The Massachusetts Daily Collegian is a student run newspaper at the University of Massachusetts Amherst. Like other student papers across the country, it frequently features ridiculous columns by young leftists.

Over the past couple of weeks however, the absurdity has gotten out of hand. Here are some examples:

“Emoji fail to be racially just”

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I don’t know how to parody this. It reads like an Onion article right out of the gate:

“This yellowy-orange pigment, however, has been seen by many as representing the Asian race….. Caitlin Dewey, a writer for the Washington Post comments in an article about emoji, “In either case, if the yellow face is racially neutral, where is the Asian character among Apple’s new offerings?” Surely, if there was a defined Asian race option, then there wouldn’t be the possibility for misconstruing the yellowy-orange tone as a racist remark of that group of people.”

They’re yellow! No, not like some people say about Asians, like f*cking Simpsons characters! Does Homer Simpson look Asian to you?!

“A surprising look at who owns guns in America”

“Gun ownership does not mirror gun victimization. According to a Pew Research study conducted last July, 19 percent of African Americans say they own a firearm as opposed to 41 percent of whites. The reasons for this disparity may be complex but it appears that whites feel more vulnerable and in need of greater security than minorities….City people ride the subway, take the bus and walk the streets every day next to strangers without incident. This builds a trust between people who do not know each other and makes them far less likely to believe they must be carrying a weapon at all times.”

What’s particularly annoying about this piece is its lack of common political knowledge. The author goes into a hypothesis of sorts, claiming that gun ownership is lower in urban areas because people who live in cities have more human interaction. In other words, they trust people more, so they don’t feel a need to arm themselves.

Did the author ever consider that gun control might have something to do with it? It’s much harder to buy a gun in most cities than in rural areas, because of strict laws imposed by people who think like he does. Also, illegal gun ownership is much higher in cities, and the numbers he examined were self reported gun ownership rates. No one admits to illegally owning a gun.

Finally, rural areas have a long standing gun culture. Hunting, sports shooting, guns getting passed down from generation to generation, etc… Cities don’t have that. There are no farms in cities, no forests, and very few gun ranges. But no, I’m sure it’s just because rural people are somehow lacking in humanity from not interacting with enough people. Hit the nail on the head there.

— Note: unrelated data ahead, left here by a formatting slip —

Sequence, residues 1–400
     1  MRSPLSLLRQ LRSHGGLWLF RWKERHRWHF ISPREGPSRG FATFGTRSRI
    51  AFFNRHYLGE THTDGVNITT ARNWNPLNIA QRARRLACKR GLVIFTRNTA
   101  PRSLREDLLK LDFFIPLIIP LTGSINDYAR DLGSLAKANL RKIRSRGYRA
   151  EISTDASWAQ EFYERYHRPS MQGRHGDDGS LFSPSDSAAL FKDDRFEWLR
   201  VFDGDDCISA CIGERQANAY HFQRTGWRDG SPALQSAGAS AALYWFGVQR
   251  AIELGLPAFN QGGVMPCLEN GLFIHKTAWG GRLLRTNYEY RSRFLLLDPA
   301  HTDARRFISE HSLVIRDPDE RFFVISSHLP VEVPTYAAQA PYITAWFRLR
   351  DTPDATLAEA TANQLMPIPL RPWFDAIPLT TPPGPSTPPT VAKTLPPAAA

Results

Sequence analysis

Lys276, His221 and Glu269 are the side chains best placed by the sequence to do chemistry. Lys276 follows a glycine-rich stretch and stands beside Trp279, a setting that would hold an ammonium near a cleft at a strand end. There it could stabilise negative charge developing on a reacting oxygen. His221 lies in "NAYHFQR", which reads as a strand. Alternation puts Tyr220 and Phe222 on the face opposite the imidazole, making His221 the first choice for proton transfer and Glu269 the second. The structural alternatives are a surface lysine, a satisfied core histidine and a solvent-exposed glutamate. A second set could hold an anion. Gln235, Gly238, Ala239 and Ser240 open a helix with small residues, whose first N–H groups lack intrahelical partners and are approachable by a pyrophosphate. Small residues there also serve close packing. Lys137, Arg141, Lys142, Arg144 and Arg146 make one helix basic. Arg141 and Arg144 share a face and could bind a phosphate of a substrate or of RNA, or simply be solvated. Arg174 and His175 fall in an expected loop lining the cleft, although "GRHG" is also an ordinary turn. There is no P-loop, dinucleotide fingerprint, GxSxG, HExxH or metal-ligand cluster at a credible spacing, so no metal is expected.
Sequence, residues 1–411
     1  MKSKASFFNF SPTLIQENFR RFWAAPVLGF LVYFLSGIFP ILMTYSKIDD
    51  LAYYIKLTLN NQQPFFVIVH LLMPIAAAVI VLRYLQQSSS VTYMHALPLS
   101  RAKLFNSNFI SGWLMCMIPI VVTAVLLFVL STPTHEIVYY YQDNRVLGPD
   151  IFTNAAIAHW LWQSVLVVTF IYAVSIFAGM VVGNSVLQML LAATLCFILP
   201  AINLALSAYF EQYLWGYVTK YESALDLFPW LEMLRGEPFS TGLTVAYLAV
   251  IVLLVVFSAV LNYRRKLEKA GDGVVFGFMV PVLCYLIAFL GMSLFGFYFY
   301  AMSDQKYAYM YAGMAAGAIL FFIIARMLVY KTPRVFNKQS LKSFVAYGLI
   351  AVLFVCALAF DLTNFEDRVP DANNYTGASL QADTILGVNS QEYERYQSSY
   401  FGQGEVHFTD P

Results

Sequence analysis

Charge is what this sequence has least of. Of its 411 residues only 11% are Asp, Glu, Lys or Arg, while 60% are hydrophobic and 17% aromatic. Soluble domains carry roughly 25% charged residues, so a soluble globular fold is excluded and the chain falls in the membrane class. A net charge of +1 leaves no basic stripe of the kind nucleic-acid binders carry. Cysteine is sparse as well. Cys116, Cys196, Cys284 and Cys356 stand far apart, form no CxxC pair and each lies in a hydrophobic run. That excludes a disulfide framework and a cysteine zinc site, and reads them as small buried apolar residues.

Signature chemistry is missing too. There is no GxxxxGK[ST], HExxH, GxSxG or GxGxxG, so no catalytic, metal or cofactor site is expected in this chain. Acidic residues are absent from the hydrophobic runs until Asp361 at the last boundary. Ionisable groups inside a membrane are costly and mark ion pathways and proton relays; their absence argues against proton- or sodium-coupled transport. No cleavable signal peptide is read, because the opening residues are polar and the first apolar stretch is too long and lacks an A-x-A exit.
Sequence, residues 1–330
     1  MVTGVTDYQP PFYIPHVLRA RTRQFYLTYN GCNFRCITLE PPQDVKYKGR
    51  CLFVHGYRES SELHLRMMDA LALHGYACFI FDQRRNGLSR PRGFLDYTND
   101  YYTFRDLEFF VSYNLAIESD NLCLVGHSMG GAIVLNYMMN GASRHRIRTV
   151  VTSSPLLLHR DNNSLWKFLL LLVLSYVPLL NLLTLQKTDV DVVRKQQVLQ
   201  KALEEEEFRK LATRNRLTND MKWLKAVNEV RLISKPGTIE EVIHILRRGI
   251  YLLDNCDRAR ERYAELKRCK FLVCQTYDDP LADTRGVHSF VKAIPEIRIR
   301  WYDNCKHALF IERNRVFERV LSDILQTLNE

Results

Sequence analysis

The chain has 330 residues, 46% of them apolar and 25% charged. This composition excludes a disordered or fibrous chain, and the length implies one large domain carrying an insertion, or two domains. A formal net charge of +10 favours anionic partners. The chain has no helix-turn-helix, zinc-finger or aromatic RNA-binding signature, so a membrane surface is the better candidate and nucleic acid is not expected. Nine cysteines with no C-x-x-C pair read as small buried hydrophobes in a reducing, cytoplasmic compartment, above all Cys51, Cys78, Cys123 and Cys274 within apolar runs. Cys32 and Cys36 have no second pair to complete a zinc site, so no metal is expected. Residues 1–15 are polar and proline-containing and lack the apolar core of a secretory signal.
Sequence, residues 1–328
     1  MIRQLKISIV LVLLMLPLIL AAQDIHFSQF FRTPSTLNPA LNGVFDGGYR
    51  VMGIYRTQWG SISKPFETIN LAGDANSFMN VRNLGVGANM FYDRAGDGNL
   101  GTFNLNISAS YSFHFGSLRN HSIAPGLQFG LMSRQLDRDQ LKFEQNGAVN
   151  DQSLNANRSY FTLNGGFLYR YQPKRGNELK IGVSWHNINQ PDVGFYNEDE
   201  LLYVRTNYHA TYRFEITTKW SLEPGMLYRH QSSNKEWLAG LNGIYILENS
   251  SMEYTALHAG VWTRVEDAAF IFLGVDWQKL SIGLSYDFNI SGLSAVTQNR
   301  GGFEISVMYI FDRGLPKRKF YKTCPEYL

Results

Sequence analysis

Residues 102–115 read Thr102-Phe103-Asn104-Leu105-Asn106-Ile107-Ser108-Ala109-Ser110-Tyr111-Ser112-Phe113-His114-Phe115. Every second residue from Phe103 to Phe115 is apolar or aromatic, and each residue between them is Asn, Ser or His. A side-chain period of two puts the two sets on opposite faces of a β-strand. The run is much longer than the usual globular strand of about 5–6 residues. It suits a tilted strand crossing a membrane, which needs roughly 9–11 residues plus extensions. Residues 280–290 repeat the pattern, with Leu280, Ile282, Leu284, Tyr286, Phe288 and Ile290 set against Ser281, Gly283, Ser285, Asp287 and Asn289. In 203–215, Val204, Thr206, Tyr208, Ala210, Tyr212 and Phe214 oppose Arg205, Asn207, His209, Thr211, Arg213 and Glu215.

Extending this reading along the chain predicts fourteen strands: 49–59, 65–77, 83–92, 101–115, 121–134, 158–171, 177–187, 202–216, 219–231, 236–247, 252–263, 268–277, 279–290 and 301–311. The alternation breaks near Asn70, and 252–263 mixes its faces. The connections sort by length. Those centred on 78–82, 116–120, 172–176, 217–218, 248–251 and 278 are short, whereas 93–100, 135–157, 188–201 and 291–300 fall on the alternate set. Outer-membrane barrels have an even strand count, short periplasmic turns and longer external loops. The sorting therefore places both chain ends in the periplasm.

“Benevolent sexism: a devil in disguise”

Sure, sexism sucks. But is it really sexist to offer to walk a girl home? This piece says so:

“Benevolent sexism could also be seen as a problem on campus, particularly relating to nightlife. For example, female students are often perceived as requiring male protection to avoid walking home alone at night or going to a party alone. The ideas that are benevolently sexist assert that women need the protection of a man, which makes more sense in an environment where women feel unsafe. Since benevolent sexism highlights a woman’s positive characteristics and provides a feeling of safety, it is easier for women to accept than acts of hostile sexism, making it more ubiquitous. This might explain why I am likely to accept a male friend’s offer to walk me home at night although I do not believe in benevolently sexist ideas. Women exhibit this behavior out of fear and necessity, not by choice.”

There are a lot of things we don’t do out of choice, such as breathing and needing to eat. Just because something is done out of a sense of need does not mean it is a bad thing to do. If a girl does in fact feel unsafe alone at night, the male offering to walk her home is not being sexist, he is being a caring human being. Blame the criminals who make walking home at night seem scary, not those who are trying to make it less scary.

“After dark: An introspective Afrosociopolitical narrative”

Yeah, that word is made up. We googled it and got this article as the top result. No one else seems to have really used it.

The “narrative” is basically a biography of Josh Odam’s past year. It took up the whole Op/Ed page the day it was published. On a positive note, unlike most of the stuff put out in the Collegian, it is actually well written.

If you can tolerate it long enough to read the whole thing, it’s essentially bragging and patting on the back for multiple paragraphs, without end.

Finally:

Check out: Daily Collegian edits column out of context

 

Go Collegian! Here’s to another year of nonsense!

 

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